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Pair of future-looking start-ups win Glendale Tech Week’s Pitchfest

Two start-up companies tied for first place in Glendale’s third annual “Shark Tank”-style Pitchfest competition Thursday, each walking away with half of $60,000 worth of professional services to help expand their businesses.

Beating out nine other contestants, the founders of Messy.fm — a Wordpress-like creation tool for Podcasts — and CellectGen – an at-home detection test for gum disease — convinced a panel of investors, business leaders and city officials their companies had what it takes to thrive in the competitive start-up environment.

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“We thought they had high potential of getting great valuation in the future,” said Ara Aslanian, Pitchfest committee co-chair and local entrepreneur.

The Pitchfest awards ceremony was held at the Americana at Brand on Thursday evening as part of the closing party for Glendale’s Tech Week, a spate of tech events conceived by the city’s Economic Development Division to support and connect entrepreneurs in the industry.

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During her pitch, Messy.fm founder, Molly Beck, told the audience “everyone here has a secret desire to make a podcast” — likening the popularity of the content type to a gold rush.

The problem is prospective podcasters need a bunch of tools to get started, including an expensive microphone and editing software, she said.

Messy.fm, originally conceived to get more women into podcasting, provides all the necessary tools to get started in one subscription platform, according to Beck.

“We’re the first shovel for the podcast gold rush,” Beck said.

While most dentistry is still reliant on dentists identifying problems by sight, CellectGen founder Robert Gellibolian said his test allows patients to use a few drops of saliva to test for specific biological markers of early-stage gum disease. The results can be seen and relayed using a smartphone app.

“[CellectGen] is going to change the way predictive dentistry is done,” Gellibolian said.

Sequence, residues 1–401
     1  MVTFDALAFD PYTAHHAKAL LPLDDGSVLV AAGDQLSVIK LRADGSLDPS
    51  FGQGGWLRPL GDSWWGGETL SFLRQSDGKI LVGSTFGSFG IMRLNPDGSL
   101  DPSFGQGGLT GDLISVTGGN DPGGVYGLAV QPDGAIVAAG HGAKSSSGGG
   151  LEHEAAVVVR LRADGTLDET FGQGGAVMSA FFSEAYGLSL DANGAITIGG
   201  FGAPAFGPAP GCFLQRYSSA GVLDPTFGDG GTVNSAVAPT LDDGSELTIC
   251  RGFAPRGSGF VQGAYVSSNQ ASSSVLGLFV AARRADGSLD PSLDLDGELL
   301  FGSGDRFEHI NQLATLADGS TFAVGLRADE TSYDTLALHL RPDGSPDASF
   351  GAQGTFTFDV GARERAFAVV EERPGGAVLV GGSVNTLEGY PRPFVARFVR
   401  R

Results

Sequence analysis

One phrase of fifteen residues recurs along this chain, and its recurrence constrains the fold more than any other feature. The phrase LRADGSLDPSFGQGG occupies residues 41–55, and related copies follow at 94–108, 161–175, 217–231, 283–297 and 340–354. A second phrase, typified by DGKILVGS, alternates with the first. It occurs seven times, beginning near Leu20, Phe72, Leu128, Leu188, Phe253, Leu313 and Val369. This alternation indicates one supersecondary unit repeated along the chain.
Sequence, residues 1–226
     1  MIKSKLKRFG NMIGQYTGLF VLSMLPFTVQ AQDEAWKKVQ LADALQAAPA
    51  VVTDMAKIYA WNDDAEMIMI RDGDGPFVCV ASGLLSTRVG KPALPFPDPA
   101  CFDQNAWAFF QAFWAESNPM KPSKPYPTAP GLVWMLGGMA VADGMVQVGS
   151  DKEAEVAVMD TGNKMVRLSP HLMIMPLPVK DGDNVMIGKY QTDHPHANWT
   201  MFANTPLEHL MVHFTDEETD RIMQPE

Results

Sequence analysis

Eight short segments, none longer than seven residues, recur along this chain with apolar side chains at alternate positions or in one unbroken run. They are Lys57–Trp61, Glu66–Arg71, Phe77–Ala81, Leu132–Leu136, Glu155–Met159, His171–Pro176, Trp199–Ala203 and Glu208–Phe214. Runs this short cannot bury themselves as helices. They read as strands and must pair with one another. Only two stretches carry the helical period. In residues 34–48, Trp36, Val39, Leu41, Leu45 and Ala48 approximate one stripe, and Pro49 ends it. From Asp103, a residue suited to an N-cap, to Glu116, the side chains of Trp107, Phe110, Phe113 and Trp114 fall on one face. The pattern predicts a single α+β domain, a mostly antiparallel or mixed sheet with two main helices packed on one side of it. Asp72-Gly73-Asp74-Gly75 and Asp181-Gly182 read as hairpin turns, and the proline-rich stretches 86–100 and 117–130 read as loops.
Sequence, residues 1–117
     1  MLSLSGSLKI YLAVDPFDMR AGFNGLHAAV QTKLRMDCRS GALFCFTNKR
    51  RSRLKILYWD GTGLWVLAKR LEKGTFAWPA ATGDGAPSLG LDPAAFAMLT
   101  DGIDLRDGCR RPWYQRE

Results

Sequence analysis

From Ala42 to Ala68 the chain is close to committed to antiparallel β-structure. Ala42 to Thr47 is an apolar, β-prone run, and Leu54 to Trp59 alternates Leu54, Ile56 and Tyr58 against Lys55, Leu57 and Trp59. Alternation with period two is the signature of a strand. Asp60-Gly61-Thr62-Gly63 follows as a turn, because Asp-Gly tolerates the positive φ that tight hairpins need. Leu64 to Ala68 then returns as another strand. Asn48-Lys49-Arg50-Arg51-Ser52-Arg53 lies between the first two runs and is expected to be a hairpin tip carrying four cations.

“Our goal would be for these companies to grow their businesses and become viable companies,” Aslanian said of the winners.

Last year, Erin Beck’s Glendale-grown babysitting exchange was crowned runner-up.

While Beck didn’t go home a first-place winner, her then-nascent company Wana Family Networking service now operates in 26 states.

“One of the most remarkable things was I didn’t win, but I still found the city of Glendale to be a great incubator,” said Beck, who hosted this year’s event and helped launch a kid’s edition of the competition that was held Sunday.

Kiana Fong, the 12-year-old winner of Tech Week’s inaugural Kids Startup Showcase, pitched a jewelry shop.

“It was incredible. I think no one in the audience … expected the quality of presentation we were going to see,” Beck said of the eight young finalists’ pitches.

Older and younger generations mixed at a tech job fair held at the Downtown Central Library on Wednesday, with some attendees looking for their first post-college job and others hoping to switch professional tracks or companies mid-career.

Locally grown companies, such as call analytics and tracking company Phonexa, as well as big names like Amazon and CalTech, showed up to connect with prospective employees.

Gilet Nevado, 25, was at the fair looking for jobs related to IT project management or front-end development, and she said she’s seen Glendale’s tech scene — and the job fair — grow over the past few years.

“Last year, I went to the event and it was small,” Nevado said. “Now, a lot more recruiters came in.”

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